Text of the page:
That's the takeaway it seems from our poll the other day: with not quite 400 responses, nearly 75% of respondents are positively disposed to such comparisons, with fully 19% thinking they are "essential in evaluating the strength of the recommendation" and 36% deeming them "useful but not essential." If one out of five philosophers think such comparisions are "essential in evaluating the strength of the recommendation," that's probably reason enough to use them.
At the other extreme, 11% of respondents thought such comparisons "both unhelpful and irrelevant," while 14% found them "rarely helpful." To be sure, as commenters on the earlier thread noted, such comparisons can, of course, be unhelpful if improperly or unclearly framed. But I would also call attention to the observation by Margaret Atherton (Wisconsin/Milwaukee) from that thread:
However problematic the use of comparisons may be, at least they are written in straightforward English prose, whereas if you forget or never knew the damn codes, you can end up inadvertently condemning a candidate you meant to praise. So my question is, if not comparisons, then what will do the job? I am assuming the presence of discussions of the work, which are of course essential but do not in the way the codes do signal "This should be taken seriously" or "This one is not so warm as it might seem."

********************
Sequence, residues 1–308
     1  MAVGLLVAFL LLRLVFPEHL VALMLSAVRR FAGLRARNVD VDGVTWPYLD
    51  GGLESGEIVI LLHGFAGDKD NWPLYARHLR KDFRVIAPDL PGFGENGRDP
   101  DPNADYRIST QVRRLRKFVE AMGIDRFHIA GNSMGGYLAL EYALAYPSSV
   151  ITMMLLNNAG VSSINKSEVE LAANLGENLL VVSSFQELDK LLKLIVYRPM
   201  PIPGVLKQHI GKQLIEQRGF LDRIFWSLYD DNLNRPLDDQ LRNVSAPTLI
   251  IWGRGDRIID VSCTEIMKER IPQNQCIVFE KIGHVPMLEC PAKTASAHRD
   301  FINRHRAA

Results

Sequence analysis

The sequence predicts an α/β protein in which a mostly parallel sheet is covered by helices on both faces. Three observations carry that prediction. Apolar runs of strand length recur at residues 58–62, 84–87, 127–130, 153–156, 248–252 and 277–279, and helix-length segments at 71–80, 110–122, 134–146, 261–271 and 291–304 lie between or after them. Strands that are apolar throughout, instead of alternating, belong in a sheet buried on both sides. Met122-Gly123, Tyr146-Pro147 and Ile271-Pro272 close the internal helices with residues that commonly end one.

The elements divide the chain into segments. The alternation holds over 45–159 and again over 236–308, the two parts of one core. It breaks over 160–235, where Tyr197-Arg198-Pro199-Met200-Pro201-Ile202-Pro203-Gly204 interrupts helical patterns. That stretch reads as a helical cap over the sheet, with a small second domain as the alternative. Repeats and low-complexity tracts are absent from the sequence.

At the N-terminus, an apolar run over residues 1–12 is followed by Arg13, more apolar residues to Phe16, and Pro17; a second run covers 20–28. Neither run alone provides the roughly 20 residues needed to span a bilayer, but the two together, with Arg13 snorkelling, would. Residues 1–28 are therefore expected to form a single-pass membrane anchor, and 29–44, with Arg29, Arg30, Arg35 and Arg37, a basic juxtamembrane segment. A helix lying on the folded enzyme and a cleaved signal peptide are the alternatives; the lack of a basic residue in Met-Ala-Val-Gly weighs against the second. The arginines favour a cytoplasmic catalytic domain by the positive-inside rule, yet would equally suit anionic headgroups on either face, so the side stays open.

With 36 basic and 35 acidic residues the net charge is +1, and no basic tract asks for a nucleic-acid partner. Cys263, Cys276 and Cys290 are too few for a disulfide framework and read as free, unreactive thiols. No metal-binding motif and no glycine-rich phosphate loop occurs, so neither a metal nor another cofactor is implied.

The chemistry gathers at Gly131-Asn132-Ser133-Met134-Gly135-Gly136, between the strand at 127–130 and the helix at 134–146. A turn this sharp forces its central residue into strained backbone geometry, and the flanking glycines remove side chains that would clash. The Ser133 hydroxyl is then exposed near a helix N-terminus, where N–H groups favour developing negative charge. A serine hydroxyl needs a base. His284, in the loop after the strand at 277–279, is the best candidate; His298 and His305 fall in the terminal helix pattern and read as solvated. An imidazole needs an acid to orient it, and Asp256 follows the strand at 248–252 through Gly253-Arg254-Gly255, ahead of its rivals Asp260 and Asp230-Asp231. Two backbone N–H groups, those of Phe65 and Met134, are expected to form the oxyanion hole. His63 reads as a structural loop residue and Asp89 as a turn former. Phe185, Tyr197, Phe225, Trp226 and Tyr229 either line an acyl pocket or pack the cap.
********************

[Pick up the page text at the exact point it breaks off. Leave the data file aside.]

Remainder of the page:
The ideal letter should, in my view, scrap the warmly's and the "with enthusiasm," and include (1) substantive discussion of the scholarship and its significance and value; (2) some discussion of issues related to teaching and collegiality; and (3) comparisons that should be intelligible to a non-specialist reader. What constitutes an intelligible comparison will depend on a variety of factors, including the caliber of the graduate program at which the recommender is teaching; the recent success of graduates of that program on the teaching market; the institutions at which members of the comparion class are teaching, and so on.